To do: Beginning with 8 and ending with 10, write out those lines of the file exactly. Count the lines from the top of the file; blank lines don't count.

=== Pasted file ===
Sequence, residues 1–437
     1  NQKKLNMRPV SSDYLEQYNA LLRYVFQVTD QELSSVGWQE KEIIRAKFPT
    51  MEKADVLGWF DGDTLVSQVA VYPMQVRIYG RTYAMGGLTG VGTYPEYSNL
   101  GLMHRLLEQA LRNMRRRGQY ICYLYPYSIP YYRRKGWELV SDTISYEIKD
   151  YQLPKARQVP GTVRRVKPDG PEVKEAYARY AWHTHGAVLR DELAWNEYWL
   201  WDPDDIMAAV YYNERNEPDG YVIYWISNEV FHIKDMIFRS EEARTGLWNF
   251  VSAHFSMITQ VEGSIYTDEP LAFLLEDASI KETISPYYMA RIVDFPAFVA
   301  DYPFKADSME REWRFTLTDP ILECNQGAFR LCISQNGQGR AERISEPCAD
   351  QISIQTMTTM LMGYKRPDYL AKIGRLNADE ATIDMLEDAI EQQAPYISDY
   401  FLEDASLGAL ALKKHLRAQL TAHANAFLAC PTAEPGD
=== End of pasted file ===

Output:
   301  DYPFKADSME REWRFTLTDP ILECNQGAFR LCISQNGQGR AERISEPCAD
   351  QISIQTMTTM LMGYKRPDYL AKIGRLNADE ATIDMLEDAI EQQAPYISDY
   401  FLEDASLGAL ALKKHLRAQL TAHANAFLAC PTAEPGD